That alone isn’t unusual. I know many women who wear the Muslim headscarf as part of their faith. What gave me pause wasn’t this young woman’s attire; it was how the store cashier treated her.
I came to the check-out lane at the end of the woman’s transaction and immediately sensed the tension. The cashier was visibly annoyed, speaking to the Muslim woman in a clipped monotone. The woman, clearly nervous, tapped tentatively at the credit card reader as the cashier became increasingly agitated.
But as soon as I reached the counter, a transformation occurred. The cashier turned to me, flashed a dazzling smile and said, “Hello, sir! I’ll be with you in just a moment.” Then she looked again at the Muslim woman, and her face fell back into shadow.
As I puzzled over this, the cashier suddenly abandoned the woman entirely, gave me another smile and started ringing up my items. She asked about my day, joked about whether my candy bar purchase was a substitute for lunch, and laughingly shared how many Snickers bars her football-playing son could consume. I kept glancing at the Muslim woman, trying to catch her eye, eager to offer a smile and figure out what was happening.
She never looked at me. As I watched, she silently finished her transaction on the credit card reader, picked up her bag of items and, head hung low, walked out of the store. All the while, the cashier gaily spoke to me, completely ignoring her other customer. I don’t even recall seeing her print a receipt for the Muslim woman.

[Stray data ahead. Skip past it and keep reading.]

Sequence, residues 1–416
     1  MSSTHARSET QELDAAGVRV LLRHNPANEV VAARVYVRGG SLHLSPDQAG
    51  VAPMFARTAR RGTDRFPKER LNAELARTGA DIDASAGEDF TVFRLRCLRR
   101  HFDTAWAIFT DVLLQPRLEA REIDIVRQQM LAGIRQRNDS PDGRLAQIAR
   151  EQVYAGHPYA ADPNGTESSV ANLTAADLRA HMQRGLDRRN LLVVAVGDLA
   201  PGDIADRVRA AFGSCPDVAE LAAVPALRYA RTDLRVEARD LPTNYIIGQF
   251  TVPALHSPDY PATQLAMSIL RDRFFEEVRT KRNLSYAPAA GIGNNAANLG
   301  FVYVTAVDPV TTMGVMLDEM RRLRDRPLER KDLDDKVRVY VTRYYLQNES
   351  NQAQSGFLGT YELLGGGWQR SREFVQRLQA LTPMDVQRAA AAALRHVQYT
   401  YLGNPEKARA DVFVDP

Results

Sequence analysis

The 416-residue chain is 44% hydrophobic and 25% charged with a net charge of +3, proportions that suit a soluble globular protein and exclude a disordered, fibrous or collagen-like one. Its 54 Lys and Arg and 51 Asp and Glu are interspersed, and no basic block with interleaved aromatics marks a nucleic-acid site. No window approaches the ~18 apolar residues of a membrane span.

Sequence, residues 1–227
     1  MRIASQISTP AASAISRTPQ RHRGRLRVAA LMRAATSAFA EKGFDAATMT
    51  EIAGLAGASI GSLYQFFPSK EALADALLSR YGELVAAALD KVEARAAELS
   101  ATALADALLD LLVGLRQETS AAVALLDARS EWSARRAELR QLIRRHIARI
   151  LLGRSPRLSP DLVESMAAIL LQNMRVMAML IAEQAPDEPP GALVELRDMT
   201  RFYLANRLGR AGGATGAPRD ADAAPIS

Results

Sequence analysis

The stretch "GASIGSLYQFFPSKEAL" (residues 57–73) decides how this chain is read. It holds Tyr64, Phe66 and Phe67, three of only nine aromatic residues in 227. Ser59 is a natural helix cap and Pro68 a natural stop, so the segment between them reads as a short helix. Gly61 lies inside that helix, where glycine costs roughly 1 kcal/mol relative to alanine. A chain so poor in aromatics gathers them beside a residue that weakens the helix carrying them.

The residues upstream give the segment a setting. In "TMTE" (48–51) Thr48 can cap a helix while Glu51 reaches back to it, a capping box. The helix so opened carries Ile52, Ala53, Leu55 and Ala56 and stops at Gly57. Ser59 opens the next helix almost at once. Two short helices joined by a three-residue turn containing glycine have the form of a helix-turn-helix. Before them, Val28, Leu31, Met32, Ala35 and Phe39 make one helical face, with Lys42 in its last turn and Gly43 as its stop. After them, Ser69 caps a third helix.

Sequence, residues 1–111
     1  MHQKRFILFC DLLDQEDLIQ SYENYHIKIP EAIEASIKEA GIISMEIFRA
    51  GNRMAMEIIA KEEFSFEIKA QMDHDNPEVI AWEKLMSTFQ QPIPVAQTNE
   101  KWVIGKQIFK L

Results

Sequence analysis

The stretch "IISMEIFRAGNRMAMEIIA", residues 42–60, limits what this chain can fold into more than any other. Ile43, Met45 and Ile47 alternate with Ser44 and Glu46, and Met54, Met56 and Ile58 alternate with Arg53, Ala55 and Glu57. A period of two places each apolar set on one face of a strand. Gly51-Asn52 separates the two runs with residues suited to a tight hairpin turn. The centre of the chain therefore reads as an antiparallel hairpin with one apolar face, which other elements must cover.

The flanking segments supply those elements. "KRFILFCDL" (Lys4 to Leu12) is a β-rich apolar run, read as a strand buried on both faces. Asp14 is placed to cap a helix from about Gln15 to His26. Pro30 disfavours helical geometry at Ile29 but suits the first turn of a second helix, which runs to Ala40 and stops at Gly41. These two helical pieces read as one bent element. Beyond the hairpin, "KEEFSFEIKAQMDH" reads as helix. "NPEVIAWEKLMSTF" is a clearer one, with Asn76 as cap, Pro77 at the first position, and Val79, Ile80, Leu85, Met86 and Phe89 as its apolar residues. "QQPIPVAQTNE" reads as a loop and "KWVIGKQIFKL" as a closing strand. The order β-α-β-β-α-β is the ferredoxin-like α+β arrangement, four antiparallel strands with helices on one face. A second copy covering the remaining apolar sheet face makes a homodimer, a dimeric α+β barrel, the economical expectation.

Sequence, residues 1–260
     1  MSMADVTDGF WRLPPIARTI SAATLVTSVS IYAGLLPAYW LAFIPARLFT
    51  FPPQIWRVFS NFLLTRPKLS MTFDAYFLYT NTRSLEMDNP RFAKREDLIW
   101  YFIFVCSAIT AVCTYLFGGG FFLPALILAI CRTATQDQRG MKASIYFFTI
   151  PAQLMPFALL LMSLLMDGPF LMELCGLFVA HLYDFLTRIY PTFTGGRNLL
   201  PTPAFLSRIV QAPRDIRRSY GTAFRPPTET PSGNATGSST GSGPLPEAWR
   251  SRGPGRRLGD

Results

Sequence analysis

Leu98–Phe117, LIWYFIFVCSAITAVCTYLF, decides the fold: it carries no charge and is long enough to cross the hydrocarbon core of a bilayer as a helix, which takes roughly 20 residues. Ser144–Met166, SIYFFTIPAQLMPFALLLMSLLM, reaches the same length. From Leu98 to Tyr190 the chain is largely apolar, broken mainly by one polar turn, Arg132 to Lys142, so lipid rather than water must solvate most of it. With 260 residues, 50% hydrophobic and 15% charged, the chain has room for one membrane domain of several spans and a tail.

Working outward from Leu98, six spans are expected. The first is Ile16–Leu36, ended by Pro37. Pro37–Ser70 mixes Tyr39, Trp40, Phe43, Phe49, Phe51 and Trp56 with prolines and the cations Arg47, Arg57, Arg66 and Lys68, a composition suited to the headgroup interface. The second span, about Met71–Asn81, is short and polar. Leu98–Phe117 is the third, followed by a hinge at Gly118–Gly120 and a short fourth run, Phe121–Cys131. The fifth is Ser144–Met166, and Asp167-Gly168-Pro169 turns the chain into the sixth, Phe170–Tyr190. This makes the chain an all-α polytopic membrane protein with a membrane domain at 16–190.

It finally dawned on me what I’d witnessed.
It’s one thing to read about acts of prejudice in news stories or hear about them from friends; it’s quite another to observe one, especially in a supposedly “polite” community like mine. But for many people of color or from religious minorities, it’s a daily occurrence.
I’ve been troubled by the incident for days now. How I wish I’d realized what was happening sooner! I could have engaged the woman in conversation, or at least called out a pleasant word so the last thing she experienced in that store wasn’t the cashier’s cold shoulder. I could have pushed back against the cashier’s rudeness.
Maybe there’s more to the story. Maybe something happened before I arrived, a disagreement that I didn’t witness. But that’s not what it felt like. What I saw in the Muslim woman’s face was sadness and embarrassment. What I saw in the cashier’s face was contempt. What I felt directed at me was the benefit of white privilege—and I’m ashamed of that.
This isn’t a blog about organizational communication. It’s about the need for each of us to stop using skin color or religious identity or political persuasion as excuses to treat others like dirt. Prejudice like I observed creates a gulf that keeps us from connecting and communicating, a gulf that allows us to demonize others for what they think or how they look or whom they love. It’s a chasm that quickly leads to hatred and violence.
Most importantly, this is a blog about the need for each of us to step up and call out prejudice. I was caught flat-footed this time; I won’t be next time.